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the proxy. the proxy.
Despite the above discussion, RADIUS servers SHOULD still perform Despite the above discussion, RADIUS servers SHOULD still perform
duplicate detection on received packets, as described in [RFC5080] duplicate detection on received packets, as described in [RFC5080]
Section 2.2.2. This detection can prevent duplicate processing of Section 2.2.2. This detection can prevent duplicate processing of
packets from non-conformant clients. packets from non-conformant clients.
As noted previously, RADIUS packets SHOULD NOT be re-transmitted to As noted previously, RADIUS packets SHOULD NOT be re-transmitted to
the same destination IP and numerical port, but over a different the same destination IP and numerical port, but over a different
transport layer. There is no guarantee in RADIUS that the two ports transport layer. There is no guarantee in RADIUS that the two ports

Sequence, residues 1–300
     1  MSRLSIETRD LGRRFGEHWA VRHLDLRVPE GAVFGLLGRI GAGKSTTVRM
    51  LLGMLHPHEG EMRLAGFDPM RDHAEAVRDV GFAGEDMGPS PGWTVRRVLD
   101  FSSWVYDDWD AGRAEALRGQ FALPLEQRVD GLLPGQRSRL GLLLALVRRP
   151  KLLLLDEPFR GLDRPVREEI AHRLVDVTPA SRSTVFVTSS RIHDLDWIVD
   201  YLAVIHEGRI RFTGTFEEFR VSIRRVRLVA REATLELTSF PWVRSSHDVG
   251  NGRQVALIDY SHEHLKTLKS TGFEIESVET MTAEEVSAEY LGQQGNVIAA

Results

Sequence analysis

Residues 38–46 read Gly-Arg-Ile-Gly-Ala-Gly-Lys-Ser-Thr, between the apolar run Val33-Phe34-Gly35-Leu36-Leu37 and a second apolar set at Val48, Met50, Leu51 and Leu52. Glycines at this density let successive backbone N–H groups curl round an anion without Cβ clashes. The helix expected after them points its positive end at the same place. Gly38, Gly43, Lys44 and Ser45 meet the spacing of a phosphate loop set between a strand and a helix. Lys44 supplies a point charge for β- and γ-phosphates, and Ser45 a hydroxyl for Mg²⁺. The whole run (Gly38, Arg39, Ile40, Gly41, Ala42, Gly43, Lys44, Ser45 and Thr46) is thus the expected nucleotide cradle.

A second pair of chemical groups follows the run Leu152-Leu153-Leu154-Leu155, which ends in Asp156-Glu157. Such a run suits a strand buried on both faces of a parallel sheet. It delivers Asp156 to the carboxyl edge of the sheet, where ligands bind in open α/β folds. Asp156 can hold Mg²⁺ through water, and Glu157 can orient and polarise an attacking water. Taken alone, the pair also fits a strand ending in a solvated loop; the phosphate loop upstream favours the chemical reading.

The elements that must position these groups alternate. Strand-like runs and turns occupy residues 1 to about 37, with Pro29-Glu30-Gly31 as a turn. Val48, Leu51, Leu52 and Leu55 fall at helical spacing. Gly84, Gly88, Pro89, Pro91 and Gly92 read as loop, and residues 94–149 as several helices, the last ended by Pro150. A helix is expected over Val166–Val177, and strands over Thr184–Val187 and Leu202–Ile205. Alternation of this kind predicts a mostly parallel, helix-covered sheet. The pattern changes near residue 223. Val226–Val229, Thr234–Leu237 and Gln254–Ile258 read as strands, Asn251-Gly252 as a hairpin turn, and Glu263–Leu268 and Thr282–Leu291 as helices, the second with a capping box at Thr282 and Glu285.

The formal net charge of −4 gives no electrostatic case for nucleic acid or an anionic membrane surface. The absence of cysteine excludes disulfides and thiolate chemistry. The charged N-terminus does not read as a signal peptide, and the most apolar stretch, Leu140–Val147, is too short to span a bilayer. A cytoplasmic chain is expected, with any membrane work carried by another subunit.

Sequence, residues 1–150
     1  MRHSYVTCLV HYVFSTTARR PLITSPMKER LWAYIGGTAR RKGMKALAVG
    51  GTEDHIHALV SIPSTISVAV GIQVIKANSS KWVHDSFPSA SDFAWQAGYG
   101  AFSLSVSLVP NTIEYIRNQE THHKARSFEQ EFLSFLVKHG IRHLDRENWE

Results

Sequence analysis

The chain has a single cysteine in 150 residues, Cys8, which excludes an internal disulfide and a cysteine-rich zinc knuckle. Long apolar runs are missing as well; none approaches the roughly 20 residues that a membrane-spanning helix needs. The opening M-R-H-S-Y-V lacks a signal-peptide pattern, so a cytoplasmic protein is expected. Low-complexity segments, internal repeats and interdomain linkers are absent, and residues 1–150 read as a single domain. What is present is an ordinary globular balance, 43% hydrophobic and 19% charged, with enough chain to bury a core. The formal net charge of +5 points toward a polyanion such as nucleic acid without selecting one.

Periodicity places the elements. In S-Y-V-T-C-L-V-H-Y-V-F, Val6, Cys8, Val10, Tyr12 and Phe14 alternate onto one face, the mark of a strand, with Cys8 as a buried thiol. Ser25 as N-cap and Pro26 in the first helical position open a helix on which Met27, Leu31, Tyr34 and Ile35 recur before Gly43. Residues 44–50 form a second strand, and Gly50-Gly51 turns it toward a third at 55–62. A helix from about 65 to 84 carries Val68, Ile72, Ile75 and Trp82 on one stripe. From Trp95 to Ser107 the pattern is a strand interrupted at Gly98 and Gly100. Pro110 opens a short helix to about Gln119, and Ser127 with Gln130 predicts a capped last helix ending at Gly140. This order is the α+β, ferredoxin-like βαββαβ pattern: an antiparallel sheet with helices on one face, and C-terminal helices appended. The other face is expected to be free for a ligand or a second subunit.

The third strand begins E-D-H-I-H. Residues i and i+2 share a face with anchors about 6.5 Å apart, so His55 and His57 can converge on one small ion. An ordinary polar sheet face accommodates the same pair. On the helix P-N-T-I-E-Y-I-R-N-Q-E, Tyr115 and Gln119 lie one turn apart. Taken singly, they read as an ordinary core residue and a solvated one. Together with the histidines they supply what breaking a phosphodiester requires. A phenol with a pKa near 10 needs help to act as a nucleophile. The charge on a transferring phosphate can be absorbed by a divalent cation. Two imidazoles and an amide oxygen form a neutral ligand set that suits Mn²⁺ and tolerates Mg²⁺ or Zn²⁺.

are in any way related. This requirement does not forbid the are in any way related. This requirement does not, however, forbid
practice of putting multiple servers into a fail-over or load-balance the practice of putting multiple servers into a fail-over or load-
pool. balance pool.
Much of the discussion in this section can be summarized by the Much of the discussion in this section can be summarized by the
following requirement. RADIUS requests MAY be re-transmitted following requirement. RADIUS requests MAY be re-transmitted
verbatim only if the following 5-tuple (Client IP address, Client verbatim only if the following 5-tuple (Client IP address, Client
port, Transport Protocol, Server IP address, Server port) remains the port, Transport Protocol, Server IP address, Server port) remains the
same. If any field of that 5-tuple changes, the packet MUST NOT be same. If any field of that 5-tuple changes, the packet MUST NOT be
considered to be a re-transmission. Instead, the packet MUST be considered to be a re-transmission. Instead, the packet MUST be
considered to be a new request, and be treated accordingly. This considered to be a new request, and be treated accordingly. This